The effects of substance use during gestation on birth outcome, infant and maternal health

J Subst Abuse. 1997;9:111-25. doi: 10.1016/s0899-3289(97)90010-9.

Abstract

This study examines the relationship of substance use to birth outcome, infant, and maternal health in a large, nationally representative sample. Multiple regression analyses, accommodating the nature of the survey data using the SUDAAN software package, indicated that drinking and smoking independently and/or interactively with depression account for poor health and serious medical conditions among pregnant women as well as negative birth outcomes or adverse health consequences in those infants who are live births. In addition, African American women and their infants are more likely than those of other racial groups to suffer these adverse outcomes. Given the risk profiles of individual illnesses, this study suggests the need for developing and targeting health education and preventive efforts specific to those groups that are clearly at greater risk.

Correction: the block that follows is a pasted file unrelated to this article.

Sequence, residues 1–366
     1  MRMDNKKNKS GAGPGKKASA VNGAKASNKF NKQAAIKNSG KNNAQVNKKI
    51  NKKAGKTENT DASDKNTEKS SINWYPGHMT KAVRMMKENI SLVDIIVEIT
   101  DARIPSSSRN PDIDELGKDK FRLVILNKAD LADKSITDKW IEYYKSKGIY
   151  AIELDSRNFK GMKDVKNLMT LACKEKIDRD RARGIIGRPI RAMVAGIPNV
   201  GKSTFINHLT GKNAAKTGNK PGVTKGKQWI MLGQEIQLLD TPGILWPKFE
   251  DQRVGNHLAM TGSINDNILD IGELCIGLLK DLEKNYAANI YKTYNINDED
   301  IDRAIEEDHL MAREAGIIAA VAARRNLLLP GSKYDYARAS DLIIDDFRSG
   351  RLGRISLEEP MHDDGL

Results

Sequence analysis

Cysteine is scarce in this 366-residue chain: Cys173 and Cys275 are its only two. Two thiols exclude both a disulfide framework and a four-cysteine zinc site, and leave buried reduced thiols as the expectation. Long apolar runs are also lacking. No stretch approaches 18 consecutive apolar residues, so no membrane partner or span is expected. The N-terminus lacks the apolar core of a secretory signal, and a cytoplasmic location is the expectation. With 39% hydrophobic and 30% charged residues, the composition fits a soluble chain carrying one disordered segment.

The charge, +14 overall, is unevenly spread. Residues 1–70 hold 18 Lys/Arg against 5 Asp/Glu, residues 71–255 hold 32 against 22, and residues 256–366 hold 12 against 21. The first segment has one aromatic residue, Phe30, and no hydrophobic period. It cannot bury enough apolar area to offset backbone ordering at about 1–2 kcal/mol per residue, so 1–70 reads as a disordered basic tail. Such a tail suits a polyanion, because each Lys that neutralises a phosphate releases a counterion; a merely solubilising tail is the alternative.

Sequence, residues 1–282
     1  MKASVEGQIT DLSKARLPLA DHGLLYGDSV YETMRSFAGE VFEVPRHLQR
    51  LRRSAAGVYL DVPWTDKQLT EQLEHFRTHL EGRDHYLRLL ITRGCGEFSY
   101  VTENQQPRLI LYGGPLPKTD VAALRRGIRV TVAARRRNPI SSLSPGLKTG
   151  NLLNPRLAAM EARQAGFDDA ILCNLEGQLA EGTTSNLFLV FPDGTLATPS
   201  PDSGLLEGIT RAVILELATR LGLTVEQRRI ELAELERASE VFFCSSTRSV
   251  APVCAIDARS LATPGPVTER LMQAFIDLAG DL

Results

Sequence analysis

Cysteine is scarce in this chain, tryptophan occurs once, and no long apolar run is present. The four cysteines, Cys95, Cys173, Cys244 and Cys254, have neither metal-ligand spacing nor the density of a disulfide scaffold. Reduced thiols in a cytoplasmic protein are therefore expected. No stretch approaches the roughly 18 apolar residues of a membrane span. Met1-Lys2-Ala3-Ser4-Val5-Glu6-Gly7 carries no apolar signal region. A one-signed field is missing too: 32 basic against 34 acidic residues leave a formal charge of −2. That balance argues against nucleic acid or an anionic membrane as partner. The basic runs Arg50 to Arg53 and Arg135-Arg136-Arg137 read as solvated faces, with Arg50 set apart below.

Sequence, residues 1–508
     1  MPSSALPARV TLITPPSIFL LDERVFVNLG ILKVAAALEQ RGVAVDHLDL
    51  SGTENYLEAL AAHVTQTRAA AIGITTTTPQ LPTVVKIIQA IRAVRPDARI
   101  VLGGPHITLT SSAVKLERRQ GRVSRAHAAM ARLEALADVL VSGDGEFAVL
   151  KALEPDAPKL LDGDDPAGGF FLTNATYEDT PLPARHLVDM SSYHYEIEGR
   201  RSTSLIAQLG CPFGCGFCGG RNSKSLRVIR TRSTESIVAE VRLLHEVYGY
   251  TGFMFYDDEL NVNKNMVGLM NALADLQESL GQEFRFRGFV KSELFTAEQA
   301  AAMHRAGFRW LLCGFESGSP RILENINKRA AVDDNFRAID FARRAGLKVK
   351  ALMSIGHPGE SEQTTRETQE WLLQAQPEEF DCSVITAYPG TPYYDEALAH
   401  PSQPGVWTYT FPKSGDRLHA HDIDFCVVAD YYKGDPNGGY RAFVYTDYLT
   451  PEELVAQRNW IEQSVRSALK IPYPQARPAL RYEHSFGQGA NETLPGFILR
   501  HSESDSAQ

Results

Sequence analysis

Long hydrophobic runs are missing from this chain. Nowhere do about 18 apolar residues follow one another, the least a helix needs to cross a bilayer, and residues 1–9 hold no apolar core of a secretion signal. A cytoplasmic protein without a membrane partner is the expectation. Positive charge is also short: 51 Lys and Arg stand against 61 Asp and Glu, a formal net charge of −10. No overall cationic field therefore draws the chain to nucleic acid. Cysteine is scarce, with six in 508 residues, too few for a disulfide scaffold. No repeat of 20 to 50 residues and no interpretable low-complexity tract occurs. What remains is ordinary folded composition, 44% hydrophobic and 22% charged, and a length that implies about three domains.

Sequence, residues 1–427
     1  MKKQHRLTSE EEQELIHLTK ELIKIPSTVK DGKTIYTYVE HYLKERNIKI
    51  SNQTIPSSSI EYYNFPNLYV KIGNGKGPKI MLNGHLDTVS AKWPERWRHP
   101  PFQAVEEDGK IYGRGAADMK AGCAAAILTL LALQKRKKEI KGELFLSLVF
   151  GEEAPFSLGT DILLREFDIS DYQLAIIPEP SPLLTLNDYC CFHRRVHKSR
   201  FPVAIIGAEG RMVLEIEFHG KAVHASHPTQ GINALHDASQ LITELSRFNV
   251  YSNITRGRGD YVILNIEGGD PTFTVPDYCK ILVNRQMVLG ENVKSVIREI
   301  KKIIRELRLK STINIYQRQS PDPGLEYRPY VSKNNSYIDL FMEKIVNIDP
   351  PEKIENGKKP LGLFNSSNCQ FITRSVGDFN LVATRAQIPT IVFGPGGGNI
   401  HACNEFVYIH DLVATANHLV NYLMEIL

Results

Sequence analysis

MeSH terms

  • Alcohol Drinking / epidemiology
  • Cocaine-Related Disorders / epidemiology
  • Confidence Intervals
  • Depression / epidemiology
  • Female
  • Health Surveys
  • Humans
  • Hypertension / epidemiology
  • Infant
  • Infant Welfare / statistics & numerical data
  • Infant, Newborn
  • Marijuana Smoking / epidemiology
  • Maternal Welfare / statistics & numerical data
  • Odds Ratio
  • Pregnancy / psychology
  • Pregnancy Complications / epidemiology
  • Pregnancy Outcome / epidemiology*
  • Regression Analysis
  • Risk Factors
  • Smoking / epidemiology
  • Substance-Related Disorders / epidemiology*
  • United States / epidemiology